225 families of Hakki Pikki tribe refuse to vacate 'occupied' BNP land

Area known for man-animal conflicts; Centre seeks clarifications from forest dept

225 families of Hakki Pikki tribe refuse to vacate 'occupied' BNP land

Members of the Hakki Pikki tribe, who have been living “unauthorisedly” on a part of forest land near Bannerghatta National Park (BNP) since 1962, are not prepared to vacate it, despite several efforts by the State government. 

According to forest officials, the tribespeople appear to have realised the value of land and hence have refused to move out. 

As per the 2011 census, 120 tribal families live there. But a door-to-door survey conducted recently by the forest department put the number of families at 225. 

The matter has now drawn the attention of the Union Ministry of Environment and Forests (MoEF) which has sought clarifications from the State in this regard. 

The then government of Mysore notified 350 acres of land in Ragihalli State Forest for the Hakki Pikki tribespeople on January 29, 1962, to establish a colony and settle and rehabilitate them. Some families of the Iruliga tribe were also accommodated there. 

A field survey by the forest department later revealed that the actual land allotted to them was 396 acres. The additional 46 acres fall under the Bhutanahalli Survey No 120 in Ragihalli Forest, which is part of BNP. Accordingly, a corrigendum was sent.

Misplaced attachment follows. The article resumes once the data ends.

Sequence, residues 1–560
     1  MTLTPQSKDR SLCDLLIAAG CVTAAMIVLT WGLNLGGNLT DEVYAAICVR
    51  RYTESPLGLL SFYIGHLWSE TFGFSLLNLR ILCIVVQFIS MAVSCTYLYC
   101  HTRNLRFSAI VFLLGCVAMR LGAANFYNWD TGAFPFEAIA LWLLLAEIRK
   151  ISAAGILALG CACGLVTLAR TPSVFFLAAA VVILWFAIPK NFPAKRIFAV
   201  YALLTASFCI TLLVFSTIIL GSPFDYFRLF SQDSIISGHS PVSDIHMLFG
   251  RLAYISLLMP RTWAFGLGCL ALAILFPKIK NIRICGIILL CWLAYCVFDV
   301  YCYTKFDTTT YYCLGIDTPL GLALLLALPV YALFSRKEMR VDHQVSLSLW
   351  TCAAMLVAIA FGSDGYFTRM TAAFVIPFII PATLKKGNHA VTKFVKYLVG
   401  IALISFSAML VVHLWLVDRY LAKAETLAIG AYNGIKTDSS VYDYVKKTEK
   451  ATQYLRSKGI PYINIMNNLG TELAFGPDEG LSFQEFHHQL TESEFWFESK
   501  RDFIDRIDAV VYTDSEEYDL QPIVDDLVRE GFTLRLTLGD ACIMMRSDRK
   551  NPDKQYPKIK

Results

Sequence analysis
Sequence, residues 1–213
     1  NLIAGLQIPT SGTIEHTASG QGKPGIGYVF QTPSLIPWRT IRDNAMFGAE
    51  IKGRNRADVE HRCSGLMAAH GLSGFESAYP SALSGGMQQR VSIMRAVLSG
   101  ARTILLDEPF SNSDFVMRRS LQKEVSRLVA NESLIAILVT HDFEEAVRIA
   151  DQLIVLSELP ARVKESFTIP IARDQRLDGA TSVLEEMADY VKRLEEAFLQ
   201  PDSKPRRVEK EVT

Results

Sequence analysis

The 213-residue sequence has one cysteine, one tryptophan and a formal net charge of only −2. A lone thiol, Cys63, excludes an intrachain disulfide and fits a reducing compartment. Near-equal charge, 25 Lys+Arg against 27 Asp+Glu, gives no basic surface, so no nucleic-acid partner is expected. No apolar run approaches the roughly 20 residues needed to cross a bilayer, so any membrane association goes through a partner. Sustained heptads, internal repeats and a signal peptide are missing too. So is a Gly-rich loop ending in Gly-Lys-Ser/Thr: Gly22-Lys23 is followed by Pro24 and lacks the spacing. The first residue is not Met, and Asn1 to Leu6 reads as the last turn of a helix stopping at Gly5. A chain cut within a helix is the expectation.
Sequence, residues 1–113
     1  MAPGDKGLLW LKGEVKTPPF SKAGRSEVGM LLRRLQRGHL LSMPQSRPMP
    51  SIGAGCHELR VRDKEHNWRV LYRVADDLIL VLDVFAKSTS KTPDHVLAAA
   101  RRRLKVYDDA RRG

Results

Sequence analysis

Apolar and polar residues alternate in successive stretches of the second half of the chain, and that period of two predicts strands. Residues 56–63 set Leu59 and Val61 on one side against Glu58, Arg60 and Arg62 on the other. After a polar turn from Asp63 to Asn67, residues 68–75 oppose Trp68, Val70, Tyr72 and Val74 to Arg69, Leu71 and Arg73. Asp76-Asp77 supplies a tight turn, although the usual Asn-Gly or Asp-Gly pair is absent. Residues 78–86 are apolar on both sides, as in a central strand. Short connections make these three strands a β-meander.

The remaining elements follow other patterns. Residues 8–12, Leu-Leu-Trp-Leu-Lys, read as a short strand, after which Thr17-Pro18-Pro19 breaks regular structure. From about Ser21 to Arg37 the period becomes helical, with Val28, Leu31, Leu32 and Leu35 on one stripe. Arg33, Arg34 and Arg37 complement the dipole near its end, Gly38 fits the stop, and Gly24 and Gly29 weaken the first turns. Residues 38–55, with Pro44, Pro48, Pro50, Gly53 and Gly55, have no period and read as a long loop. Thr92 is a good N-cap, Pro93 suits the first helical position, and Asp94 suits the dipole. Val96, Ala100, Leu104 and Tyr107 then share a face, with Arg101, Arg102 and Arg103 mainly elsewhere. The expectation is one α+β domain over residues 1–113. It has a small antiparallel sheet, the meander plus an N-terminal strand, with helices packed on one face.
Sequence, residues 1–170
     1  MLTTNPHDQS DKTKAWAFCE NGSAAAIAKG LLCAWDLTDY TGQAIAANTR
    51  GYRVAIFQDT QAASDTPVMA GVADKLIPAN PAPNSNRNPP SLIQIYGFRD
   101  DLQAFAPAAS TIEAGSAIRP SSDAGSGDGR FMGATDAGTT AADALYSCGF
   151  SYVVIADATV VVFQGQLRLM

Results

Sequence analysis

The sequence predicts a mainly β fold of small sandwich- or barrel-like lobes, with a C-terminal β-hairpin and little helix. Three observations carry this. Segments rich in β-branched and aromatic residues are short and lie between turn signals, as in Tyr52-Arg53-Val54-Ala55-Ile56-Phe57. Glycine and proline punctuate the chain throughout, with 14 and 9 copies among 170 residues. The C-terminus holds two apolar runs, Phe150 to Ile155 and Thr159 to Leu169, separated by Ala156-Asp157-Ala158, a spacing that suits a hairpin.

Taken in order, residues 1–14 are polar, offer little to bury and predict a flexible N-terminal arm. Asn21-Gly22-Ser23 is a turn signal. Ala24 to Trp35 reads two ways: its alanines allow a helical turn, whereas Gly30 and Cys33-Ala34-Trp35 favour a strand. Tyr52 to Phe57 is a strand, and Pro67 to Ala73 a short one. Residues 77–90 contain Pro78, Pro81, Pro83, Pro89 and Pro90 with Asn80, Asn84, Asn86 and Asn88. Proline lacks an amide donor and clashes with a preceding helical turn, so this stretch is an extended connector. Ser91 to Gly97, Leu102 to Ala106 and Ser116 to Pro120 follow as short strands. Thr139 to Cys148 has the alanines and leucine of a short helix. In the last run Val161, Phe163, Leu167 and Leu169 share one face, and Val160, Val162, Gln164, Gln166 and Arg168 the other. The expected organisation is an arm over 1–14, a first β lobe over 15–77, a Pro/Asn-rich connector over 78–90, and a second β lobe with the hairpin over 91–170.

The tribespeople, however, occupied more land under the Bannerghatta Kaval Survey No 1 and Bhutanahalli Survey No 120. 

A BNP official said the tribespeople were not willing to relocate to another area. A meeting in this regard was held with the chief secretary in 2012 and now the MoEF is seeking clarifications. The MoEF wrote to the forest department on October 3, 2012, and again in December, 2013, according to the officer. 

The department has to answer the following questions: whether the corrigendum sent to the tribespeople is legal and under which law has it been issued; the land notified in 1962 has been mentioned “as per the Karnataka Forest Act of 1900,” instead of “The Indian Forest Act of 1927”. Why is it so; what is the present status of the area and how much have they occupied on the ground and what about other areas; any repercussions on the revenue and forest departments and what is the status of other land where these people have settled? 

A team of forest officials will now survey the region this weekend and reply to the MoEF queries. 

What about allowing the tribespeople to stay there legally? 

“(In that case) we will have to issue notifications all over again. This will attract the Forest Consideration Act and the matter will require clearance from the Centre,” a forest official said. 

“After the declaration of eco-sensitive zones, this will be impossible. It will create further problems and boundary disputes. As an act of revenge, the tribespeople might even set the forest on fire or kill the wildlife.” 

The tribespeople have no records with them that the additional land belongs to them. All they have is a copy of the 1962 notification. An important elephant corridor, the area is notorious for man-elephant conflicts. Leopards also frequent the settlement and tarred roads and houses have been built there. 

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